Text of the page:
Although receiving station 200 is illustrated as having several separate functional elements, one or more of the functional elements may be combined and may be implemented by combinations of software-configured elements, such as processing elements including digital signal processors (DSPs), and/or other hardware elements. For example, some elements may comprise one or more microprocessors, DSPs, application specific integrated circuits (ASICs), and combinations of various hardware and logic circuitry for performing at least the functions described herein. In some embodiments, the functional elements of receiving station 200 may refer to one or more processes operating on one or more processing elements.

FIG. 3 is a flow chart of an iterative channel estimating and carrier frequency offset estimating procedure in accordance with some embodiments of the present invention. Iterative channel estimating and carrier frequency offset estimating procedure 300 may be performed by a signal processor of a receiving station to generate carrier frequency offset estimates and channel estimates for each of a plurality of transmitting stations for use in separating data signals transmitted by the transmitting stations. In some embodiments, most operations of iterative channel estimating and carrier frequency offset estimating procedure 300 may be performed by signal processor 210 (FIG. 2) of receiving station 200 (FIG. 2), although other configurations may also be suitable for performing procedure 300. Although the individual operations of procedure 300 are illustrated and described as separate operations, one or more of the individual operations may be performed concurrently, and nothing requires that the operations be performed in the order illustrated.

Operation 302 samples the received signal and the short training signals included therein may be used to generate an initial CFO estimate for each transmitting station in operation 304. The short training signals may be unique to each transmitting station, allowing a receiving station to generate a CFO estimate for each transmitting station. The number of transmitting stations may be less than or equal to the number of antennas used by the receiving station to receive these training signals. Each transmitting station generally uses one antenna to transmit the training signals, although the scope of the invention is not limited in this respect. As part of operation 304, the channel estimates are initially set to zero, and operation 306 comprises storing the initial CFO estimates and channel estimates for each transmitting station.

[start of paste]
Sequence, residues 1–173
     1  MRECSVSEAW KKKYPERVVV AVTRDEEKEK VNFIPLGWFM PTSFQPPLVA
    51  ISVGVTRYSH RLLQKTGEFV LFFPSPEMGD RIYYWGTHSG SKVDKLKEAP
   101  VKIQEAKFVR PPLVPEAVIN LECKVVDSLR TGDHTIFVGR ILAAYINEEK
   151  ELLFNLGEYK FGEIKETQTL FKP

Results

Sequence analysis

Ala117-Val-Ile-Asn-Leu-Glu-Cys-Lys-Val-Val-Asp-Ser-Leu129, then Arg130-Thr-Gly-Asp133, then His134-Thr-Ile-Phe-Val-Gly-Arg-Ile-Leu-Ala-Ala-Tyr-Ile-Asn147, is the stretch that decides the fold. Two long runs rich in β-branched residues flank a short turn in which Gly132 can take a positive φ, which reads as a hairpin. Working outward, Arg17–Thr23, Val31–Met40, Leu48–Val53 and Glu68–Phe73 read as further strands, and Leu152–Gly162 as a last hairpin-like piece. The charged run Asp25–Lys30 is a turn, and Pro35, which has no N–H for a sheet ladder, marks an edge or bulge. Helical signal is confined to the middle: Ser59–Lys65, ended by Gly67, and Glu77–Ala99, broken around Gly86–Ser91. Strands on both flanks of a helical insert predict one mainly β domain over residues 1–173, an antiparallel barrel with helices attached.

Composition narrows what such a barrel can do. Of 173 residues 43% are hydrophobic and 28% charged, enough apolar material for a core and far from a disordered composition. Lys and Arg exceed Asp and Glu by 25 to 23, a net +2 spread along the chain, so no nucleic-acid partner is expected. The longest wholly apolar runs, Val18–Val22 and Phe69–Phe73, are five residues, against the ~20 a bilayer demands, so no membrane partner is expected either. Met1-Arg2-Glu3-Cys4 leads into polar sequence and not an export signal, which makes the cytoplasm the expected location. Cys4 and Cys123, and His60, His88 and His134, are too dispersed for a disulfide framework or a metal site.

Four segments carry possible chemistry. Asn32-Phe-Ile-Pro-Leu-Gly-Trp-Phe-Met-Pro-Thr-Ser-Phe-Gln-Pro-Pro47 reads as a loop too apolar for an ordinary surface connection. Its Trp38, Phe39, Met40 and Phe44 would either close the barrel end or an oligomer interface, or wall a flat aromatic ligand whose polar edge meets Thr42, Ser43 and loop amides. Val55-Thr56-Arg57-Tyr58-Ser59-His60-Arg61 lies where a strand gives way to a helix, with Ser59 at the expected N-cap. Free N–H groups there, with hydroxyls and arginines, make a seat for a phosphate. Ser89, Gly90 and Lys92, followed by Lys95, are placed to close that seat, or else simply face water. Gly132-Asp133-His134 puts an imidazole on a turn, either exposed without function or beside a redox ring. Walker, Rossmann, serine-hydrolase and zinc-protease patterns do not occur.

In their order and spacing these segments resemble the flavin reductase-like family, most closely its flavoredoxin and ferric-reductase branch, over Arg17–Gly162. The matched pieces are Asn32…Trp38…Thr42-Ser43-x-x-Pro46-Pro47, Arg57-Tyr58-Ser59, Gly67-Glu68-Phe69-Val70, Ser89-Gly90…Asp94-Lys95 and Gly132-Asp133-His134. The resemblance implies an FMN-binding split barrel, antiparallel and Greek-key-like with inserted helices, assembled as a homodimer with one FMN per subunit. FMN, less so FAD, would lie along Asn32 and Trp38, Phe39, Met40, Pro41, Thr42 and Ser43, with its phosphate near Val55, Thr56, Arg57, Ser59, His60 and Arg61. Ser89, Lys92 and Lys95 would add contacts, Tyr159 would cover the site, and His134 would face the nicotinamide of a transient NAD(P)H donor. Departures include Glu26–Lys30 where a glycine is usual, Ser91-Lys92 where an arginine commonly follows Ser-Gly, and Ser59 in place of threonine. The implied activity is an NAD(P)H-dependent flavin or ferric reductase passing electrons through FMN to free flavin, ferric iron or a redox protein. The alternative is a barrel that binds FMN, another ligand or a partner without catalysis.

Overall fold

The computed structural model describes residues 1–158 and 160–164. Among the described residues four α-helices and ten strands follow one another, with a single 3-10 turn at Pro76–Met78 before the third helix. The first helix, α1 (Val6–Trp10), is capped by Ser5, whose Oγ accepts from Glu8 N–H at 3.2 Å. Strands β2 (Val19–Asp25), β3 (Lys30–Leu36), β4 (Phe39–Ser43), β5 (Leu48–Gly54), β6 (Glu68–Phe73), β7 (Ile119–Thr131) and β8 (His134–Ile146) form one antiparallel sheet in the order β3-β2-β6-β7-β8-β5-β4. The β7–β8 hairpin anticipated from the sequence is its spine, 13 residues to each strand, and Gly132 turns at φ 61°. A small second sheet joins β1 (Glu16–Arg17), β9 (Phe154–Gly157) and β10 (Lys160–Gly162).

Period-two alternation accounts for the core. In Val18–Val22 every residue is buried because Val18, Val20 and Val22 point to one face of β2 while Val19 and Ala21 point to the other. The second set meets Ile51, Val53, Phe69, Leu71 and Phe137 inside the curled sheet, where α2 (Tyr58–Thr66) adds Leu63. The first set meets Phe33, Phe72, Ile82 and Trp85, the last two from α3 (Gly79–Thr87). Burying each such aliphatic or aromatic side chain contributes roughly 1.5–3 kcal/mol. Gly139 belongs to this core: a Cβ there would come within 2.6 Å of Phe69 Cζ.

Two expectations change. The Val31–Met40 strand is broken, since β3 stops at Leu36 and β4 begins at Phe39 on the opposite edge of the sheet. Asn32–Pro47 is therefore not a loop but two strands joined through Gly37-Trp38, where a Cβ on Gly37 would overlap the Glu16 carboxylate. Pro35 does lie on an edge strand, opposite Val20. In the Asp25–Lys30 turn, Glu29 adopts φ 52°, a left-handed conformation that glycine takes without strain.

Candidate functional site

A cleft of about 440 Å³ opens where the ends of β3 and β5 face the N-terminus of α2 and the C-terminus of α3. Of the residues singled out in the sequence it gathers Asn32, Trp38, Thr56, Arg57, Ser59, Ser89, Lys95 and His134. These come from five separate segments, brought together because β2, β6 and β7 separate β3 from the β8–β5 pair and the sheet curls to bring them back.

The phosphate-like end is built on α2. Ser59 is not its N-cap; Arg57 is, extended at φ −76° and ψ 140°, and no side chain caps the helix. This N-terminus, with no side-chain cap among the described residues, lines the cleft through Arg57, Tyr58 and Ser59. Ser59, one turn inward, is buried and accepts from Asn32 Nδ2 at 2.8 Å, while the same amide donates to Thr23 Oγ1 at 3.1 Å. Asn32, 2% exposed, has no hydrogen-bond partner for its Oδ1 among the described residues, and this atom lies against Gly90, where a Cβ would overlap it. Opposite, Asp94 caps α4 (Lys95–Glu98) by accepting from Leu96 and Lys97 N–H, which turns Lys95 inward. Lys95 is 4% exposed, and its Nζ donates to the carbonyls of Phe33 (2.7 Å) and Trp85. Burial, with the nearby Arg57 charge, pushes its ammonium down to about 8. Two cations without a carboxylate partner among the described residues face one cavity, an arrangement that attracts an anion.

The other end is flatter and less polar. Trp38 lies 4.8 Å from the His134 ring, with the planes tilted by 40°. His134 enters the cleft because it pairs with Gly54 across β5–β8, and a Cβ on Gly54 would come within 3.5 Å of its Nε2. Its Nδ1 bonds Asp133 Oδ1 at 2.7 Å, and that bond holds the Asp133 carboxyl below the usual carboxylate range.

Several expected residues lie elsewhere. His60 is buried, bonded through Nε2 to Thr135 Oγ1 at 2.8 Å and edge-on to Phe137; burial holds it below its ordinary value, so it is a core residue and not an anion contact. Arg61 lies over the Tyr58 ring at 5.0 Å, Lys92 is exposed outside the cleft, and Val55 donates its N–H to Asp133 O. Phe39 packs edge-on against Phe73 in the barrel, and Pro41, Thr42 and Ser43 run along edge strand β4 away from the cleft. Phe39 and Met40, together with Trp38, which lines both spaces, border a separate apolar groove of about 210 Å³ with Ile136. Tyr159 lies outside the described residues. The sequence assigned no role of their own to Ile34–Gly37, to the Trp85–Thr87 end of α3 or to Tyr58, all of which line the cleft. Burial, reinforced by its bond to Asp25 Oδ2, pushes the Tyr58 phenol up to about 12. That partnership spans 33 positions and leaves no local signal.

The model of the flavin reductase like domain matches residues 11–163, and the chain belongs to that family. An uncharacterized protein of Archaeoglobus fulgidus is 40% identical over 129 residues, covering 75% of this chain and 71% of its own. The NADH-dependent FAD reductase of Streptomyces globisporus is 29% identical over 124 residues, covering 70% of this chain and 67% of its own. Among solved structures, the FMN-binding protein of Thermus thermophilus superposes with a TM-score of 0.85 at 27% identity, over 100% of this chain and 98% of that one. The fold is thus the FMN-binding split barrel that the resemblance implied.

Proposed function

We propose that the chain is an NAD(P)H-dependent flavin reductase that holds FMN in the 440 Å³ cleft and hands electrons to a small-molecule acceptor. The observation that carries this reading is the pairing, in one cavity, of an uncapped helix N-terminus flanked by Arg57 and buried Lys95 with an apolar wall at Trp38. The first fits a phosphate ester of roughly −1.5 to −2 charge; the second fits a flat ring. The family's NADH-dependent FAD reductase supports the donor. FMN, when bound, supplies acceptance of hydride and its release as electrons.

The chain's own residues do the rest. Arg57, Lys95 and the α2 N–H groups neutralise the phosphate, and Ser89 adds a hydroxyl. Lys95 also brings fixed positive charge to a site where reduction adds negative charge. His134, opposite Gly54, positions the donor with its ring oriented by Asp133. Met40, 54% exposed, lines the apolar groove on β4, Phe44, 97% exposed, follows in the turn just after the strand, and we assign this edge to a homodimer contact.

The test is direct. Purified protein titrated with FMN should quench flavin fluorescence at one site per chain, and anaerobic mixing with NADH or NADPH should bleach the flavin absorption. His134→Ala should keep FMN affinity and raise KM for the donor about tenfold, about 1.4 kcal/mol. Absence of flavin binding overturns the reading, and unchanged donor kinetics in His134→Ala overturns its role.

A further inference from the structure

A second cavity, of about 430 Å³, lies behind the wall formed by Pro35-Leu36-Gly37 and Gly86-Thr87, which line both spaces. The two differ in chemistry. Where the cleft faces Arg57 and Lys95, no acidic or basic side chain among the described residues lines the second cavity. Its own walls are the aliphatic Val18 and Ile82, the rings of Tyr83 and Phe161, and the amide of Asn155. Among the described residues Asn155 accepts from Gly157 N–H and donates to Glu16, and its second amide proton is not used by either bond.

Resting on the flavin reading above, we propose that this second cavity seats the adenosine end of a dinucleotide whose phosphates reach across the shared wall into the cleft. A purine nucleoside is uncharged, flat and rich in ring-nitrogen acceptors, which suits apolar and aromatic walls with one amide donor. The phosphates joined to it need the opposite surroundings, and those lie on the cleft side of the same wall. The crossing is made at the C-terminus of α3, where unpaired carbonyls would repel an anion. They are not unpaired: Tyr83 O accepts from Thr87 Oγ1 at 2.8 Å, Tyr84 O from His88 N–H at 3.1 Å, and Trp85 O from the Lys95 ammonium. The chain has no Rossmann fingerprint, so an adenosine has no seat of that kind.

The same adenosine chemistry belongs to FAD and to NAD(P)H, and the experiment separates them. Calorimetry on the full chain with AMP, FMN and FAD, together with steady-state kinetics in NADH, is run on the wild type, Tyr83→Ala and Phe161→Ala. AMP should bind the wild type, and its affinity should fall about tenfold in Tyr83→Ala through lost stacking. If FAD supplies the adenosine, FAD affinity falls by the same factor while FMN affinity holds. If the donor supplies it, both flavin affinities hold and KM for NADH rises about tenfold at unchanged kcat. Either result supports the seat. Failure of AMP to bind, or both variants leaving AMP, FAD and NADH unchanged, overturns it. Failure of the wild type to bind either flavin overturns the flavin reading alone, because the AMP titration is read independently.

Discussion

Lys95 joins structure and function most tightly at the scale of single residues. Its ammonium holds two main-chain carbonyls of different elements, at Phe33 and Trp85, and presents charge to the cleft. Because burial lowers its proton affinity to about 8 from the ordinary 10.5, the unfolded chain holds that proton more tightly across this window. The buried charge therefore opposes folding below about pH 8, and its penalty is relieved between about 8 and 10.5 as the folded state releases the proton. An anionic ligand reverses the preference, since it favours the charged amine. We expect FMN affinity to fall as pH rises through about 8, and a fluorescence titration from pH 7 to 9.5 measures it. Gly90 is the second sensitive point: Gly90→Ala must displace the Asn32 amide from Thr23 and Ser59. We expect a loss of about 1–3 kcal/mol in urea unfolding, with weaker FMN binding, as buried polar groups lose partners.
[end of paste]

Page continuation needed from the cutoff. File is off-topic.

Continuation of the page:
Operation 308 begins the iterative process in which operations 308 through 322 are performed for each of the transmitting stations for a predetermined number of iterations. Operation 308 comprises multiplying the long-training signals of a received signal by the initial CFO estimate for the first transmitting station and taking a discrete Fourier transform (DFT).

Operation 310 comprises band-pass filtering the signal to exclude tones of the current transmitting station to generate filtered signal 311. Operation 312 comprises subtracting resultant filtered signal 311 from the received signal. Operations 310 and 312 may be performed on a set of frequency-domain samples generated by the DFT of the LTS.

Operation 314 comprises calculating the ICI for the current transmitting station using the current channel estimates and CFO estimates for the current transmitting station and operation 316 comprises subtracting the ICI from the signal generated by operation 312 to at least in part, cancel the ICI. The result of operation 316 is a frequency-domain signal from the current transmitting station with reduced ICI. During each iteration, additional ICI may be cancelled.

Operation 318 comprises estimating the channel based on the tones (i.e., subcarriers) present in the current transmitting station's training signals, which are known. Operation 320 comprises storing the updated channel estimates for subsequent use by operation 314 during the next iteration.

Operation 322 comprises estimating the CFO for the current transmitting station based on the signals generated in operation 316. Operation 320 comprises updating the CFO estimate for the current transmitting station for subsequent use by operation 314 during the next iteration.

Operation 324 comprises repeating operations 308 through 322 for the next transmitting station using the current channel estimate and CFO estimate for the next transmitting station. Upon the initial completion of operation 324, channel estimates and CFO estimates result for each transmitting station based on a first iteration.

Operation 326 repeats operations 308 through 324 for a predetermined number of iterations. In some embodiments, the number of iterations may depend on whether the CFOs are closely-spaced (e.g., CFOs ranging from −20 KHz to +20 KHz) or whether the CFOs are widely-spaced CFOs (e.g., CFOs ranging from +50 KHz to −50 KHz). More iterations may be selected for widely-spaced CFOs, although the scope of the invention is not limited in this respect.

Operation 328 comprises using the final CFO estimate and channel estimate for each transmitting station to process data signals for each transmitting station. With sufficient iterations, performance substantially equivalent to a single-input single-output (SISO) channel estimation may be obtained.

FIG. 4 illustrates the signal processing operations performed for one receive signal path in accordance with some embodiments of the present invention. Signal processing operations 400 may correspond to operations performed by signal processor 210 (FIG. 2) for baseband signals 209 (FIG. 2) received through one of RF signal paths. In this example, antenna 401 may correspond to one of antennas 201 (FIG. 2) and signal y1 may correspond to one of baseband signals 209 (FIG. 2).